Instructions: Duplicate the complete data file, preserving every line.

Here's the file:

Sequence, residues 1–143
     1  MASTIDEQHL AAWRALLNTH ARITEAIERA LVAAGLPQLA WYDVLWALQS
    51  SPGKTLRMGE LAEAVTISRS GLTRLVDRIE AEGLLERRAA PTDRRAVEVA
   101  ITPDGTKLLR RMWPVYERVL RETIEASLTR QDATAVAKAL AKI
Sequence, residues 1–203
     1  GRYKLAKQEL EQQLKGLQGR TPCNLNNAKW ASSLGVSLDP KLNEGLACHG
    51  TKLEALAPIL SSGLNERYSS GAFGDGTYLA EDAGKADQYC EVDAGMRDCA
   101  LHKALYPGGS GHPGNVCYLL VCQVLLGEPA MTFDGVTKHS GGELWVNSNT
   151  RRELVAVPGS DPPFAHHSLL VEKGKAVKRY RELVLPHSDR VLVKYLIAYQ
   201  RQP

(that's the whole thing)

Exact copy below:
Sequence, residues 1–143
     1  MASTIDEQHL AAWRALLNTH ARITEAIERA LVAAGLPQLA WYDVLWALQS
    51  SPGKTLRMGE LAEAVTISRS GLTRLVDRIE AEGLLERRAA PTDRRAVEVA
   101  ITPDGTKLLR RMWPVYERVL RETIEASLTR QDATAVAKAL AKI
Sequence, residues 1–203
     1  GRYKLAKQEL EQQLKGLQGR TPCNLNNAKW ASSLGVSLDP KLNEGLACHG
    51  TKLEALAPIL SSGLNERYSS GAFGDGTYLA EDAGKADQYC EVDAGMRDCA
   101  LHKALYPGGS GHPGNVCYLL VCQVLLGEPA MTFDGVTKHS GGELWVNSNT
   151  RRELVAVPGS DPPFAHHSLL VEKGKAVKRY RELVLPHSDR VLVKYLIAYQ
   201  RQP